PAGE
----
'Groundbreaking' Quantum Science Work Earns a Nobel

Scientists Alain Aspect, John F. Clauser, Anton Zeilinger split 2022's physics prize
By Newser Editors and Wire Services
Posted Oct 4, 2022 5:43 AM CDT
2022's Physics Nobel Winners Deal in 'Entangled States'
A Nobel diploma and medal are displayed on Tuesday during a ceremony in New York.   (Angela Weiss/Pool Photo via AP, File)

This year's Nobel Prize in physics has been awarded to Alain Aspect of France, John F. Clauser of the US, and Anton Zeilinger of Austria for their work on quantum information science. Hans Ellegren, secretary general of the Royal Swedish Academy of Sciences, announced the winners Tuesday at the Karolinska Institute in Stockholm, reports the AP. Per a release, the three scientists are being celebrated for their "groundbreaking" work involving entangled quantum states, in which two particles still act as one unit even when separated. "It has become increasingly clear that a new kind of quantum technology is emerging," says Anders Irback, chair of the Nobel Committee for Physics. "We can see that the laureates' work with entangled states is of great importance, even beyond the fundamental questions about the interpretation of quantum mechanics."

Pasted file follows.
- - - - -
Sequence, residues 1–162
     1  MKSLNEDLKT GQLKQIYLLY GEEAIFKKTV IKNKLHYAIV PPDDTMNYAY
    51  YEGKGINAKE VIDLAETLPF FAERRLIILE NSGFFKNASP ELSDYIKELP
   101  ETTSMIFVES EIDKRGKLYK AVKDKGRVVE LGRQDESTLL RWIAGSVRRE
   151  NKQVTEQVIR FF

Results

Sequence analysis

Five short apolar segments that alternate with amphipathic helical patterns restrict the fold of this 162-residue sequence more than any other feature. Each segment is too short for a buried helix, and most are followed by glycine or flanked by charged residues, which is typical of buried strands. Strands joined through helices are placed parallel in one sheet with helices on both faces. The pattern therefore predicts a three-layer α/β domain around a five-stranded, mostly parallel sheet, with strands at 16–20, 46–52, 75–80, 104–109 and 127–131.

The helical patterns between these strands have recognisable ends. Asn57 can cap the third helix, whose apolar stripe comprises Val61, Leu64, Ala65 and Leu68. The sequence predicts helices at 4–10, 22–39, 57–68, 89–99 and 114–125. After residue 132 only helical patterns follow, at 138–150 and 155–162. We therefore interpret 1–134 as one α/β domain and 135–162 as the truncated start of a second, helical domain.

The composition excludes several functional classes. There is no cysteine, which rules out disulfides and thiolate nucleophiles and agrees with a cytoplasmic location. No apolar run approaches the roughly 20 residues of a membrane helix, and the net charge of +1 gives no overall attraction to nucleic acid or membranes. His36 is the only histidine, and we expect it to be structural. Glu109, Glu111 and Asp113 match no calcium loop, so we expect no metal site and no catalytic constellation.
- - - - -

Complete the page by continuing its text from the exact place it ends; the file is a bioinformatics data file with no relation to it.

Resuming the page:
Last year the prize was awarded to three scientists—Syukuro Manabe, Klaus Hasselmann, and Giorgio Parisi—whose work has helped to explain and predict complex forces of nature, thereby expanding our understanding of climate change. A week of Nobel Prize announcements kicked off Monday with Swedish scientist Svante Paabo receiving the award in medicine for unlocking secrets of Neanderthal DNA that have provided key insights into our immune system. They continue with chemistry on Wednesday and literature on Thursday. The 2022 Nobel Peace Prize will be announced on Friday, and the economics award on Monday. The prizes carry a cash award of nearly $900,000 and will be handed out on Dec. 10. The money comes from a bequest left by the prize's creator, Swedish inventor Alfred Nobel, who died in 1896.

(Read more Nobel Prize in Physics stories.)

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